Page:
01 – Acts of God and Other Complications

The Incidental Tourists

Nothing’s ever been easy for Grissom and Sara. So why would attempting to go on vacation prove to be any different?

For travel, like the course of true love, never did run smooth. And in their case, with even the best-laid plans, awry doesn’t begin to cover it.

But then that’s not always a bad thing.


Takes place between episodes 10×17 “Irradiator” and 10×19 “World’s End,” circa April 2010.

With thanks (I think) to MB as this is really ALL your fault.


One: Acts of God and Other Complications

“The best laid schemes o’ mice an’ men / Gang aft agley.”

The best-laid plans of mice and men / Go oft awry.

– “To a Mouse,” Robert Burns


It was supposed to have been simple.

A simple spring holiday in the south of France.

Or so Sara planned it.

Not that anything ever seemed to go according to plan.

Mostly, it had been work getting in the way. Dead bodies tended to trump date nights. So after all the years in Vegas of rain checks and rescheduling, she should have known better. Should have.

But for the most part, Sara’s trips to Paris over the last seven months had been blissfully without complications. Well, as long as you didn’t count her discovering that dead body the December before. So there was no reason for her to think that this time would be any different.

Nor was there for Grissom, who knew nothing about Sara’s plans.  Apart from the fact that his wife was coming for her now customary monthly visit, he wasn’t even aware that there were plans for that particular portion of his two week teaching hiatus while the Sorbonne was closed for its spring holidays.

He certainly hadn’t made any of his own, or at least hadn’t the last time the two of them had spoken of it. Something that hadn’t surprised Sara in the slightest. He’d been even worse than she had about taking time off when they’d both been working as CSIs.

Although Sara had been more pleased than rueful when in reply to her asking if he wanted any plans, he simply smiled and told her, “If they involve you, of course.”

Which Sara took to mean she was free to make whatever ones she wished.

Of course it was never a question of Grissom returning to Vegas for a visit. Off or no, she’d just be called in and they’d barely get to see one another. Besides, Sara was looking forward to taking an actual bona fide vacation with her husband. For while they had done their fair share of traveling since he’d surprised her in Costa Rica that Christmas two years before, apart from their honeymoon, most of it had been work related. They really hadn’t had a chance just to relax and be together. And with her back in Vegas for most of every month, they really hadn’t seen much of France outside of the Paris city limits.

This was the perfect opportunity to change that. And to put into effect a plan she’d begun to formulate ever since that day she and Ray had been out on the Vance Colton case and she’d inadvertently confessed a little more than she’d meant to about the canoe trip she and Grissom had embarked on during their honeymoon.

And considering Provence was home to 17,000 species of insects (nearly half the total number in France), including more than 2,300 species of butterflies, staging another outdoor bug hunting excursion there sounded like a good idea. At least in theory.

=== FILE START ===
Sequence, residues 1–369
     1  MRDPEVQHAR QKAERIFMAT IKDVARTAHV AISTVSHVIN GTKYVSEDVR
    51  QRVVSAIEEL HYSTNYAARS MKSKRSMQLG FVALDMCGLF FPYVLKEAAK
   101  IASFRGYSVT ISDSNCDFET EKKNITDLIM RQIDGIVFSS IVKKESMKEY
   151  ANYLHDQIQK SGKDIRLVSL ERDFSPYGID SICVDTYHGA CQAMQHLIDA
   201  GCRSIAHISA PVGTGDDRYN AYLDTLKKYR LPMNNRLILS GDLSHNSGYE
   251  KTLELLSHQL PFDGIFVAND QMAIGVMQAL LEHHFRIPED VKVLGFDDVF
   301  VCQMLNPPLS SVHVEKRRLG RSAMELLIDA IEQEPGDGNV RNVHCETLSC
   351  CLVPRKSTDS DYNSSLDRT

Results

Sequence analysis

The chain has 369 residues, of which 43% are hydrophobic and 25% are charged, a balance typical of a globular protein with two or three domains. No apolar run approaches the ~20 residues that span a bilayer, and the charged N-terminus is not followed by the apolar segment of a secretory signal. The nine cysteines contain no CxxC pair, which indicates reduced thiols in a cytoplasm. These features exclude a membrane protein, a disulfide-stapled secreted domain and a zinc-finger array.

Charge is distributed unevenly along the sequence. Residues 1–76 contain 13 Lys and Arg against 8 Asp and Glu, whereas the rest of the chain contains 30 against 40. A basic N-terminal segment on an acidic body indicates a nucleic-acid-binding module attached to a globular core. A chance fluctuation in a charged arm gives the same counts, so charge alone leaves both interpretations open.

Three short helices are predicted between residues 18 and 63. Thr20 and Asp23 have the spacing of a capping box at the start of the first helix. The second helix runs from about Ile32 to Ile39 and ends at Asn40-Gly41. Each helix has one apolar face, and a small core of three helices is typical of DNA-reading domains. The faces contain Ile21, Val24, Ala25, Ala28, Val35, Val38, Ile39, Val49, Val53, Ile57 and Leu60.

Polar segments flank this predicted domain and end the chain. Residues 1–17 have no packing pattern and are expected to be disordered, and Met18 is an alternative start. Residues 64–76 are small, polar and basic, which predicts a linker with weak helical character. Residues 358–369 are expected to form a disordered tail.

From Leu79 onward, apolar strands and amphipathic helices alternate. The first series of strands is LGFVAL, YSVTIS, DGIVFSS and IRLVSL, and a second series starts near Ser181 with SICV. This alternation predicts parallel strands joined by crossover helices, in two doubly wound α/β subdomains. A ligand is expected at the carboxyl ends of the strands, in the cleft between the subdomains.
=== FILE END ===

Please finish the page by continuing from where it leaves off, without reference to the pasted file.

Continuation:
She’d been all set to arrive at CDG on Thursday afternoon, where she knew Grissom would be there to pick her up just as he always was.  It didn’t matter that she could make her way back to their Quartier Latin apartment perfectly fine on her own. But as her husband really did seem to sincerely look forward to it, Sara had long ago stopped protesting or insisting that it was a waste of time for him to come all that way just to get her. And truth be told, as silly and perhaps uncharacteristically sentimental as it was, part of her liked finding him waiting for her just outside Customs in the Arrivals Hall.

They’d have a nice quiet evening at home with Hank. Then the next morning, while he was busy with his Friday morning lecture, she would pack up all their necessaries so that they would be ready to depart on the afternoon TGV’s Méditerranée run from Paris to Nice.

Claude Boutin, Grissom’s ever-enthusiastic young teaching assistant, had already agreed to stop by later that day to pick up Hank. When Sara had called to suggest the arrangement, he’d been more than happy to take the dog for the week, particularly as his nephew Charles-Henri had become almost inordinately fond of the boxer ever since they’d taken him in while Grissom had been in the States over the winter holidays.

So everything was set.

Except she’d never managed to make it to Paris. Hell, Sara had been lucky to get out of Vegas at all.

First, with Ray away on sick leave after having been concussed ostensibly by the still as of yet unidentified Dr. Jekyll, the team was already one man short at a time when they needed all the help they could get. If she left, that would leave Nick, Greg and Catherine to cover Grave and whatever inevitable spillover there was with Days and Swing. And while Sara had made it through her fair share of three person shift coverages, she wasn’t about to knowingly inflict a full straight week of it upon anyone else. But Catherine wouldn’t hear of her changing her plans. In fact, she’d practically shooed Sara out of her office insisting that they were perfectly capable of making it without her for a few days.